Monday :: Oct 22, 2007

Questionable Priorities

by Steve

Kurdish rebels from inside Iraq attacked 3 miles inside Turkey and killed perhaps as many as 17 Turkish soldiers on Sunday. Turkey responded by shelling suspected rebel positions, and told Condi Rice she has only a matter of days to make the Iraqis stop the PKK from using Kurdish Iraq as a base of operations to wage terror strikes into Turkey, claiming that under the same self defense rights Bush claims for America against terrorists, Turkey would have a right to attack Iraq. Interestingly, Rice asked the Turkish government to refrain from attacking Iraq at least for a couple of days, so that the Bush Administration could take some steps.

Exactly what steps could the Bush Administration take to stop Turkey from attacking Iraq? Perhaps telling the Iraqi Kurds to rein in their PKK allies, like this? And if Talabani and the rest of the Iraqi Kurds have this much control over the PKK, wouldn't Turkey's worst fears be confirmed, that the US allows the Kurds to harbor the PKK with little concern for Turkey?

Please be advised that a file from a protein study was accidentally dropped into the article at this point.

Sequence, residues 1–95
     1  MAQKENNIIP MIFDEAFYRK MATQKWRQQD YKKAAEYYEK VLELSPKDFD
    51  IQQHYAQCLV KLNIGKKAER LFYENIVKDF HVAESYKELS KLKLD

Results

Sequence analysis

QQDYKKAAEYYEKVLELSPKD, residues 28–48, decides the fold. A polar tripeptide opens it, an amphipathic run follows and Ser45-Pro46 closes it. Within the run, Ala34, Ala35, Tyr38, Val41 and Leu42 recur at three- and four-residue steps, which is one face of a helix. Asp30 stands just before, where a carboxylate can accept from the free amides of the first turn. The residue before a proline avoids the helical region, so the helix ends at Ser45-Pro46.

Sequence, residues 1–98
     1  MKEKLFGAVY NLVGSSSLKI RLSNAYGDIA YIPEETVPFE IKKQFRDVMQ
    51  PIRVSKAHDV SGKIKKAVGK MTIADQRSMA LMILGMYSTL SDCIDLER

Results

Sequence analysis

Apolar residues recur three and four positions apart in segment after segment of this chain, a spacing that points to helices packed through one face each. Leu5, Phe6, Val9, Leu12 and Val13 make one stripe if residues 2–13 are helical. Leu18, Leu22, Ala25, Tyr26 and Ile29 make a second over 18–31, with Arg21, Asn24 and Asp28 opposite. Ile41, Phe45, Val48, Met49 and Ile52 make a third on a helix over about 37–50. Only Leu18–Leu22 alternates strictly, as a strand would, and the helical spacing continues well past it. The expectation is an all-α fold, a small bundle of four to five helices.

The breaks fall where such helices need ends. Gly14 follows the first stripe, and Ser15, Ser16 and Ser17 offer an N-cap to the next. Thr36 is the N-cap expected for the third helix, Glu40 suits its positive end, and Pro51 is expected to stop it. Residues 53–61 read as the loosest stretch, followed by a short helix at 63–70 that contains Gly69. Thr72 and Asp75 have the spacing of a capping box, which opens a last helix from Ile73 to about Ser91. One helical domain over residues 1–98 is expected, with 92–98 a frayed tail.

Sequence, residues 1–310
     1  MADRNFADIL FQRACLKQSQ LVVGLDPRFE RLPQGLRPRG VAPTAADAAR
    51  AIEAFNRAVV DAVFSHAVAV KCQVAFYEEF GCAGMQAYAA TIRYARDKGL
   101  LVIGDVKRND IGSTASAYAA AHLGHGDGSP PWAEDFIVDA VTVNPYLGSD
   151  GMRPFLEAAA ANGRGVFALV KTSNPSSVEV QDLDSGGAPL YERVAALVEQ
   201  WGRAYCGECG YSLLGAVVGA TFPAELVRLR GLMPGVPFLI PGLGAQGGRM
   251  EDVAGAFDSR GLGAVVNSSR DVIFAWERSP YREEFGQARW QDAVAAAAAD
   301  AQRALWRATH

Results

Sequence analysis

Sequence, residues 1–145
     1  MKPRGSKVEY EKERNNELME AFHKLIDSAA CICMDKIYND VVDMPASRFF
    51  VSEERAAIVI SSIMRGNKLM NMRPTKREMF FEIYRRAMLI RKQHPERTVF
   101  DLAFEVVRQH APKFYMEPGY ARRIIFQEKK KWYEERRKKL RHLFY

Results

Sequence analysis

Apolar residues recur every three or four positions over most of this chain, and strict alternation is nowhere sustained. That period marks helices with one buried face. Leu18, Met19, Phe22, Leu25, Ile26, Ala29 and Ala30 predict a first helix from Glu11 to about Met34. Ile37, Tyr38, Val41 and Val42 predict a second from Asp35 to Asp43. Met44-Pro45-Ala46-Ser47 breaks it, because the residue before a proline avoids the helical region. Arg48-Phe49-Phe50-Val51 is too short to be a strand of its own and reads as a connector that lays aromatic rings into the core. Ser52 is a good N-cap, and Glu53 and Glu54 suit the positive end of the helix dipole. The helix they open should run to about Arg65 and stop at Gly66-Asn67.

And while we watch the Turks ready to set a match to the area because we never controlled the borders and because the Iraqi Kurds don't seem to care, Petraeus instead begins his new policy of going after Shiite militias without Iraqi approval by attacking Sadr City in another apparent provocation that ended up according to the Iraqi government killing more than a dozen innocents rather than our claimed targets. This is a confirmation of the new approach by CENTCOM, which is to minimize American casualties on the ground by raining ever increasing death and destruction from the air. Of course, this strategy leads to more and more killing of innocents, thereby endangering the support we have from the locals.

The new CENTCOM plan, which apparently doesn't have the full support of the Pentagon or the Joint Chiefs but does have the support of the president is to go after Shiite militias regardless of the political difficulties it causes for the al-Maliki government in the hope that doing so creates enough room for al-Maliki to 1) sign a longer term pact with the United States allowing for another 4-5 years of our presence; and 2) push (of course) the Oil Law and re-baathification of the government. It's a questionable strategy at best, given the tenuous status of al-Maliki's support within Iraq; the Iraqis emerging realization that they would be better off without us; and the Pentagon's worry that Petraeus is gobbling up resources on a questionable strategy while other critical needs go unmet.

And this all assumes that things don't go to hell between Turkey and Iraq in the mean time.

Steve :: 7:25 AM :: Comments (7) :: Digg It!